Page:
You are here

China Gears Up to Approve Its First Drug for Advanced Colon Cancer

Fruquintinib Shows Fewer Side Effects Than Previous VEGFR Inhibitors

China’s equivalent of the U.S. FDA is expected in the coming days to approve fruquintinib, the leading drug from Chinese drug maker Chi-Med, for patients with advanced colon cancer who have already tried two or more chemotherapies.

China has never unconditionally approved an innovative drug that was discovered and developed by its own scientists for a common oncology indication. Nor has it exported a homegrown drug to the wider world in the modern era. Chi-Med is being closely watched because of the precedent it could set for a coming wave of Chinese companies developing homegrown drugs for China — while also setting its sights on the rest of the world.

In addition to the anticipated Chinese approval of fruquintinib, a targeted therapy that is designed to cut off blood flow to solid tumors, Chi-Med is also running a phase 1 safety trial testing the drug in the U.S., where it hopes to eventually get it approved for use, in combination with immunotherapies or chemotherapies, in cancers that are underserved or tough to treat.

Chi-Med’s pill is the latest in the class of VEGFR inhibitors; fruquintinib appears to have fewer side effects than other drugs in the class, and few of those were serious. Globally, these types of drugs are approved for about 30 different types of solid tumors. But in China, they’re approved for fewer than 10.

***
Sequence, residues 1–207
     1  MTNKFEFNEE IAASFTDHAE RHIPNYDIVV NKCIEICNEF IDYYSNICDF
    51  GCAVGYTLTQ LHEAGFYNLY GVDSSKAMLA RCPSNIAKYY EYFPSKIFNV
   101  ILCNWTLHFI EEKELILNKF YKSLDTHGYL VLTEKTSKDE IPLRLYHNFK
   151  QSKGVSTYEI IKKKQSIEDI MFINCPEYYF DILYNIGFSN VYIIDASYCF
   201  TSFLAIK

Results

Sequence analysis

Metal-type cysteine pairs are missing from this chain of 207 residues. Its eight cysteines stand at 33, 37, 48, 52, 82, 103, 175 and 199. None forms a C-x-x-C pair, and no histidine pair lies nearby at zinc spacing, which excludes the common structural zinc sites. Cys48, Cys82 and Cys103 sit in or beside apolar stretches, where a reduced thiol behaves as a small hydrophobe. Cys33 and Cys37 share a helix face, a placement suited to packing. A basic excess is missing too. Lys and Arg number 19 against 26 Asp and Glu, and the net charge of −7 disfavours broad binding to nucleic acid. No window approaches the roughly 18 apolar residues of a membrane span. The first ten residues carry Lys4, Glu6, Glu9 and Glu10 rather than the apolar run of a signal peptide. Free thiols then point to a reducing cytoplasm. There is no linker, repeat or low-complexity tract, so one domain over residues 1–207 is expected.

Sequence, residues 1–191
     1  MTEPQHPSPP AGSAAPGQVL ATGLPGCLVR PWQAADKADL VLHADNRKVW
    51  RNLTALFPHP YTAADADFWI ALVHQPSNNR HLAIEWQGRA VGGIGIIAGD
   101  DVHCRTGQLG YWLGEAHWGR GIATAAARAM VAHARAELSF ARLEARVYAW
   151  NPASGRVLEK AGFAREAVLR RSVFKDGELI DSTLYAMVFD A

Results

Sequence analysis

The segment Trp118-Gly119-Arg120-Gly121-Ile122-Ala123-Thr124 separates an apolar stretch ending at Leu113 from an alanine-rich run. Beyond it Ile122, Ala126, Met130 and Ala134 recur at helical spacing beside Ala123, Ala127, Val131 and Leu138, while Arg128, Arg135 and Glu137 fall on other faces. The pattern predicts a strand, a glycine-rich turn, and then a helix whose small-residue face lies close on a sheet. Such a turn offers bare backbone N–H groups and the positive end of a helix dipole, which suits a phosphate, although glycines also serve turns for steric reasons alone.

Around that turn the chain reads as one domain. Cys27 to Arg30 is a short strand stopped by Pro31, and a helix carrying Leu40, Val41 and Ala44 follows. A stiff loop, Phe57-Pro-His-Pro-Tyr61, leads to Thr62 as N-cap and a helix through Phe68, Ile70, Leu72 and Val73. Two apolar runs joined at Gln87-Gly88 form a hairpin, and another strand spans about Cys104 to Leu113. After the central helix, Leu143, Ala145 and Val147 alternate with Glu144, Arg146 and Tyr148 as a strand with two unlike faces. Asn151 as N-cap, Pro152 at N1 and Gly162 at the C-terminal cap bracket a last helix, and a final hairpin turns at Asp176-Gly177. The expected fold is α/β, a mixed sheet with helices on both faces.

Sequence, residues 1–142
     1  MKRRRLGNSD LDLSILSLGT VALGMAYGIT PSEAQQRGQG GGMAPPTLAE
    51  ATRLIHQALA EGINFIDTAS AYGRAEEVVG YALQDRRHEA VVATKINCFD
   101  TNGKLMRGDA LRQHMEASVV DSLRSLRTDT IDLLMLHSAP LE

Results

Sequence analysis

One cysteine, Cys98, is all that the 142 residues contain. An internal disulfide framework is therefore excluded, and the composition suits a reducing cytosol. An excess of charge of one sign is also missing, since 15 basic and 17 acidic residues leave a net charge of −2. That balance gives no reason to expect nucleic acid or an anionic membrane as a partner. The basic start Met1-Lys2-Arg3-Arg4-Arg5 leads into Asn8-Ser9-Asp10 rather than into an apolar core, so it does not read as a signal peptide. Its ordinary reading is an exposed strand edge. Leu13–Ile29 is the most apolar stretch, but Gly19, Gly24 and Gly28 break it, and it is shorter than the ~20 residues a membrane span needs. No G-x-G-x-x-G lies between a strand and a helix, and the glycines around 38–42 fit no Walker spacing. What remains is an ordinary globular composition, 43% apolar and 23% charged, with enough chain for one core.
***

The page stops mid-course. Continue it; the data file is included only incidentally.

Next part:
Fruquintinib performed well in a phase 3 trial that enrolled 416 colon cancer patients. Those on Chi-Med’s pill lived longer overall and without progression of their cancer compared with those taking a placebo alongside the standard of care. The data were published in June in the Journal of the American Medical Association.

With close to 400,000 new cases a year, colon cancer is China’s fourth most common cancer and its fifth most deadly.

Source: STAT News, September 4, 2018

More Headlines

Conversely, Kids Who Need Drugs Go Untreated
May Reduce the Need for Open-Heart Surgery
NDEA, a Known Carcinogen, Discovered During FDA Testing
Cleared for Adults with Relapsed or Refractory Disease
Approved as Maintenance Treatment for Opioid Dependence
Says Company’s OxyContin Had “Significant Role” in Opioid Epidemic
Study Uses Experimental Software to Decode Variations in Mood
Mixup with Losartan Discovered in Bottles